My wife and I enjoy fishing East Lake and I’ve written a few blogs about it. Fishing East Lake in the Fall and Fishing East Lake are a couple posts you may enjoy along with the East Lake Fly Box which includes many flies I use at East Lake. Continue reading

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Mamba Black Rufus TBT

This week’s Throw Back Thursday Fly is a Mamba Black Rufus TBT.

Mamba Black Rufus | www.johnkreft.com

The Mamba Black Rufus TBT is a local fly pattern developed by Bob Gaviglio of Sunriver Fly Shop in Sunriver, OR.

There is a series of Rufus flies, including the CJ Rufus, Brown Leech Rufus, Mamba Burnt Orange Rufus, and a Brookie Rufus to name a few. I’m guessing the CJ Rufus was named for someone who wanted a little different color and hammered some fish…just a guess, but I really don’t know.

Tied originally in the early 1990’s, the Rufus was developed for the Lower Deschutes River, OR.

Bob recommends this fly as a searcher pattern, when no visible hatch can be seen.

To fish the Rufus, use a start and stop retrieve. As the fly stops, the bead makes it dive head first and imitates a leech, dragonfly nymph or baitfish trying to escape.

Don’t limit fishing the Mamba Black Rufus TBT to lakes only. Give it a try for river rainbows and steelhead in clear water. In fact, it works in most Central Oregon waters.

Enjoy…go fish!

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3 Basic Dry Fly Styles for Mayflies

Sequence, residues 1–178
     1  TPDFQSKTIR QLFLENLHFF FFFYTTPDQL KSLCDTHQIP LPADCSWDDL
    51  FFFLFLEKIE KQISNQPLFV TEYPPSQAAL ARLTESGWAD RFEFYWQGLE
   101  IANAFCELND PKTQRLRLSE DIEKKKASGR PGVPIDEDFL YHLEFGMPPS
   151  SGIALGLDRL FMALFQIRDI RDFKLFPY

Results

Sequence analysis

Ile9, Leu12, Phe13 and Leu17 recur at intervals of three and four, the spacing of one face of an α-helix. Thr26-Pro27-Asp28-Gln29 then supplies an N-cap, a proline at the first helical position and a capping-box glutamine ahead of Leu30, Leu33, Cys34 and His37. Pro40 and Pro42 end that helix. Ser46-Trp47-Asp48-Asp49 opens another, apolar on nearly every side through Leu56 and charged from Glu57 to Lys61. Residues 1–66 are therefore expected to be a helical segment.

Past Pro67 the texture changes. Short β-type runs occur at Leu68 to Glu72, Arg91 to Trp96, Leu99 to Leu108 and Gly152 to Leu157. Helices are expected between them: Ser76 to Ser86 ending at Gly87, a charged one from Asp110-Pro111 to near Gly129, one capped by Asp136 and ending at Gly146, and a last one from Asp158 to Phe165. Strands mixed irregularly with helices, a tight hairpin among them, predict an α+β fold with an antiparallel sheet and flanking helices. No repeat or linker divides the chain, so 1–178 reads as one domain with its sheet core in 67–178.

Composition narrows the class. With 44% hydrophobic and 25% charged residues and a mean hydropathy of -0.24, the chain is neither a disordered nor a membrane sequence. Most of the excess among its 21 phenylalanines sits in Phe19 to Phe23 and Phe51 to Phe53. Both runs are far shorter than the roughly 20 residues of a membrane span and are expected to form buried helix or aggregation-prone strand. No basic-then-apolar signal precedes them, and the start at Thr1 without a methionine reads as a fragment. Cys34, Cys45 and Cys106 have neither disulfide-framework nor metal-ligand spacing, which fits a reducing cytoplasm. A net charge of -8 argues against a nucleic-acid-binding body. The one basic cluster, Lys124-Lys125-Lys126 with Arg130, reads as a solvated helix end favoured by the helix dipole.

This week’s post is about 3 basic dry fly styles for mayflies. I recently wrote a blog about Parachute Flies and that got me thinking about the variety of fly styles available to the fly fisher to imitate the adult mayfly stage.

I thought it might be good to provide the options available with only one insect – a PMD.

PMD on Water | www.johnkreft.com

I love fishing mayfly dry flies. In fact, I was fishing my home waters the other day and couldn’t believe the prolific hatch and wide variety of mayflies…Pale Morining Duns (PMDs), Green Drakes and Flavs, Blue Wing Olives (BWOs), Mahogany Duns, and Pale Evening Duns (PEDs). I think that’s why I really enjoy dry fly fishing so I can watch noses rise or heads come out of the water and hopefully eat my imitation. Continue reading

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This week’s Throw Back Thursday Fly is the CDC & Elk TBT.

CDC & Elk | www.johnkreft.com

The CDC & Elk is a fly Hans Weilenmann created in 1992. It combines the proven properties of an Elk Hair Caddis developed by Al Troth with CDC feathers for the body and “hackle”.

I tied my first CDC & Elk flies after completing the research for my post about the different CDC feathers, entitled Use Fly Patterns with CDC Feathers.

If you’d like more information about the CDC & Elk TBT fly, click HERE to read it in Hans’ own words.

Enjoy…go fish!



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Fall and a Dry Fly

Last week I talked about how much I enjoy fall fly fishing. It’s been great this year! What I wanted to share this week is how effective one fly has been for me…a Green Drake Sparkle Dun. Yes, Fall and a dry fly just go together.

Baby Rainbow Trout Eating Big Fly | www.johnkreft.com

Even the smaller fish eat this bug! It amazes me how a small trout rises to a larger fly. This is a #12 fly a 6″ fish ate.

And bigger fish eat them too. Continue reading